Pectus excavatum - discharge
When Your Child Was in the Hospital
Your child had surgery to correct pectus excavatum. This is a deformity of the front of the chest wall that causes a sunken breastbone (sternum) and ribs.
There is now a metal bar or strut that goes across the front of your child’s chest cavity. It will stay in place for about 2 - 3 years.
Your child should walk often during the day to build up strength. You may need to help your child get in and out of bed during the first 1 - 2 weeks after surgery.
During the first month at home, your child should:
- Always bend over at the hips.
- Sit up straight to help keep the bar in place. Do NOT let your child slouch.
- NOT roll onto either side.
Your child should not use a backpack or carry more than about 5 pounds for at least the first 2 months.
Your child should avoid vigorous activity and contact sports for 6 weeks to 3 months. After that, activity is good because it improves growth of the chest and strengthens the chest muscles. Ask your child’s doctor when your child can be more active again.
Your child can return to school after 2 - 3 weeks.
It may be more comfortable for your child to sleep partly sitting up in a recliner for the first 2 - 4 weeks after surgery.
It is okay for your child to have baths. Most dressings (bandages) will be removed by the time your child leaves the hospital. There may still be small white strips called Steri-Strips across the wounds. Leave these in place. They will fall off on their own. You may see a small amount of drainage on the strips. This is normal.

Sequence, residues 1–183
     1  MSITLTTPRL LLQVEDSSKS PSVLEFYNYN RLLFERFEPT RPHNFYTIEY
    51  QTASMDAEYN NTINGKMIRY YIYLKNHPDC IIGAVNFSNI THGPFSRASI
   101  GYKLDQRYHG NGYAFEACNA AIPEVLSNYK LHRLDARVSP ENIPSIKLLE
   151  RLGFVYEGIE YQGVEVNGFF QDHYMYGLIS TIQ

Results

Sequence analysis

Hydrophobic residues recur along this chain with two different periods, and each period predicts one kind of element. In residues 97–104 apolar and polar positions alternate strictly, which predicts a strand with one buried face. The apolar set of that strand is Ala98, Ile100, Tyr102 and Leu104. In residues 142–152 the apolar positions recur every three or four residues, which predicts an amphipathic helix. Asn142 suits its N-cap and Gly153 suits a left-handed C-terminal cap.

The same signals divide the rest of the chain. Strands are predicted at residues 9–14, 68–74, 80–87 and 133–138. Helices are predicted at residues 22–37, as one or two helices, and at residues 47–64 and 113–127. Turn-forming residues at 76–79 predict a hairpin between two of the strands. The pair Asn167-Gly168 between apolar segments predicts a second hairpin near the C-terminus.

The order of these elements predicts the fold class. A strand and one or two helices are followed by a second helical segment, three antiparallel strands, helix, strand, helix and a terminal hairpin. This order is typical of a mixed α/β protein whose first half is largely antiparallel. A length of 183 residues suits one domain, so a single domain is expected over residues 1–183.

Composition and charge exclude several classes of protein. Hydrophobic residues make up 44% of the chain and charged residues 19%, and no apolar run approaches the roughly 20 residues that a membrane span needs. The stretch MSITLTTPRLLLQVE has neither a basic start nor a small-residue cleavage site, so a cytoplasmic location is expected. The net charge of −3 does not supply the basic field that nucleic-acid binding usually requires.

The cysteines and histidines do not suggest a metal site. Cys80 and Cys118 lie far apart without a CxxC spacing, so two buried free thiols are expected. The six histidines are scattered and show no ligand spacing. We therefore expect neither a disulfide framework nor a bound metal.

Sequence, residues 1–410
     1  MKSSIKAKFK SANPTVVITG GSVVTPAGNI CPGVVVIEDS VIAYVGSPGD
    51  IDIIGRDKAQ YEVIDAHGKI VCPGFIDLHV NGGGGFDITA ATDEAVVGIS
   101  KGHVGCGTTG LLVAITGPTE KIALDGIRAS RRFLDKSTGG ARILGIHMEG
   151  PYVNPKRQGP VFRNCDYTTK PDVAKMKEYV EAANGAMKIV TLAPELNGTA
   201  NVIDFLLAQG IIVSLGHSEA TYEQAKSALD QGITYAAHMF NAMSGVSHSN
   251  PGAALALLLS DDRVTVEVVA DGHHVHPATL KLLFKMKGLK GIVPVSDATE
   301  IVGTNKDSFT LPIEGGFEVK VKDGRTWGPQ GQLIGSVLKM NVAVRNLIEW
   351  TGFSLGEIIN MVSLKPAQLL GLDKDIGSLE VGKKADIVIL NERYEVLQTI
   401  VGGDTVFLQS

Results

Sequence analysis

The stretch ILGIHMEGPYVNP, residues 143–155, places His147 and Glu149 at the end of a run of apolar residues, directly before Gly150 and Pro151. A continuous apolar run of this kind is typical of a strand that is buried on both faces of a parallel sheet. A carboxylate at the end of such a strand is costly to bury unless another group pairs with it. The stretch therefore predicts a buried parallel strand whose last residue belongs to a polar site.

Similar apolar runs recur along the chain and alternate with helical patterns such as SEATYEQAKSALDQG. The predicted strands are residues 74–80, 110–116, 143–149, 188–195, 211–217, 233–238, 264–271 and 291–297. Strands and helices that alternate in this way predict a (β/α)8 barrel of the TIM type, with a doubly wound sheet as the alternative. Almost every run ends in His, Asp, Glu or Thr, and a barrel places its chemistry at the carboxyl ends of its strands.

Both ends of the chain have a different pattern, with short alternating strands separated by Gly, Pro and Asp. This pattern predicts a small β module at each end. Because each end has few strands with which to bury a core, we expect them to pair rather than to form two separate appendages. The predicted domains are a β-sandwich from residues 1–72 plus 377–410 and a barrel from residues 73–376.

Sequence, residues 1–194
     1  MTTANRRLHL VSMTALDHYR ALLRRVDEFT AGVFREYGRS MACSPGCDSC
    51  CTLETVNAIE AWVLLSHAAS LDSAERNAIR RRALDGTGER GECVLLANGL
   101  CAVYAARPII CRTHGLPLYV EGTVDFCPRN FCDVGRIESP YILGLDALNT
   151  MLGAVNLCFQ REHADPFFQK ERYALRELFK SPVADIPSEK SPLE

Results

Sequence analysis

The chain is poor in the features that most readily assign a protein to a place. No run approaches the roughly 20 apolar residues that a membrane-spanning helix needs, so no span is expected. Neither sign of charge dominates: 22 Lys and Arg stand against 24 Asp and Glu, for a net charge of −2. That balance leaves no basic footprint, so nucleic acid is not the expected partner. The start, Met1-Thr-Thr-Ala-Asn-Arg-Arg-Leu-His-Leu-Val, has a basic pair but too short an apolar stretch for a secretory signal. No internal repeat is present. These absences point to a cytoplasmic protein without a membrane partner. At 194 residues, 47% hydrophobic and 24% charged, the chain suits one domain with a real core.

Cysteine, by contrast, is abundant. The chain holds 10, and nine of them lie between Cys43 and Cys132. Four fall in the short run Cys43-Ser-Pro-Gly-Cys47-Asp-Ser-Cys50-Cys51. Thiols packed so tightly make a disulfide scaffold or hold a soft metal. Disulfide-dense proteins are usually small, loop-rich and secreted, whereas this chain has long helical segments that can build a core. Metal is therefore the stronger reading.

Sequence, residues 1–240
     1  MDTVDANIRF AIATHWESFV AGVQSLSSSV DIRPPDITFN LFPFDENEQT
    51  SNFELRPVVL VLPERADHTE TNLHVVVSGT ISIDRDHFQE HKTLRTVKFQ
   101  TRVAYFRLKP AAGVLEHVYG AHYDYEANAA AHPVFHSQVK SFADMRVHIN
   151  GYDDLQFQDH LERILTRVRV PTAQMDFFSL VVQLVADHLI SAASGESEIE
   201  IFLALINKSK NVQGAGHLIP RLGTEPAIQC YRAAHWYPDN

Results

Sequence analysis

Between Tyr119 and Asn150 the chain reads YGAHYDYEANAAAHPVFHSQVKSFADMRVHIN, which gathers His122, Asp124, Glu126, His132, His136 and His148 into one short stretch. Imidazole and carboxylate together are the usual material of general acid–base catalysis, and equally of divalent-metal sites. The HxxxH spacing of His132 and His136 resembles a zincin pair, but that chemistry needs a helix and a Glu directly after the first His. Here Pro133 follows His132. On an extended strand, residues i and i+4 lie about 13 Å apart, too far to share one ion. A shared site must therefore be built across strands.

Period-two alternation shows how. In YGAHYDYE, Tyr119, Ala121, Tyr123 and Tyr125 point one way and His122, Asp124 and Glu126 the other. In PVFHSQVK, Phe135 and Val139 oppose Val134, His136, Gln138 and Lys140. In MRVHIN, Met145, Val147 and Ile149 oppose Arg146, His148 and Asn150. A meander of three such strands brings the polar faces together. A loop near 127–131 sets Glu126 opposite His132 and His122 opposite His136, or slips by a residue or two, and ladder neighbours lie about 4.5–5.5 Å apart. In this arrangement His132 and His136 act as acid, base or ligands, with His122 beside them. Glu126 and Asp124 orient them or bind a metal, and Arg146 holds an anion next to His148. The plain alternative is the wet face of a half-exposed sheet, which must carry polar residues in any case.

Your child should have a follow-up appointment with the surgeon about 2 weeks after surgery. Other doctor visits will be needed while the metal bar or strut is still in place. Your child will have another surgery to remove the bar or strut. This surgery is usually done on an outpatient basis.
Your child should wear a medical alert bracelet or necklace while the metal bar or strut is in place. The surgeon can give you more information about this.
When to Call the Doctor
Call the doctor or nurse if your child has:
- A fever over 101.0 °F
- Increased swelling, pain, drainage, or bleeding from the wounds
- Severe chest pain
- Shortness of breath
- Nausea or vomiting
- Change in the way the chest looks since the surgery
Tzelepis GE, McCool FD. The Lungs and Chest Wall Disease. In: Mason RJ, Murray JF, Broaddus VC, Nadel JA. Murray & Nadel's Textbook of Respiratory Medicine. 4th ed. Philadelphia, Pa; 2005:chap 83.
Sugarbaker DJ, Lukanich JM. Chest Wall and Pleura. In: Townsend Jr. CM, Beauchamp RD, Evers BM, Mattox KL. Townsend: Sabiston Textbook of Surgery. 18th ed. Philadelphia, Pa: Saunders Elsevier; 2008:chap 57.
Last reviewed 3/17/2011 by Robert A. Cowles, MD, Assistant Professor of Surgery, Department of Pediatric Surgery, Columbia University College of Physicians and Surgeons, New York, NY. Review provided by VeriMed Healthcare Network. Also reviewed by David Zieve, MD, MHA, Medical Director, A.D.A.M., Inc.
- The information provided herein should not be used during any medical emergency or for the diagnosis or treatment of any medical condition.
- A licensed medical professional should be consulted for diagnosis and treatment of any and all medical conditions.
- Call 911 for all medical emergencies.
- Links to other sites are provided for information only -- they do not constitute endorsements of those other sites.
Any duplication or distribution of the information contained herein is strictly prohibited.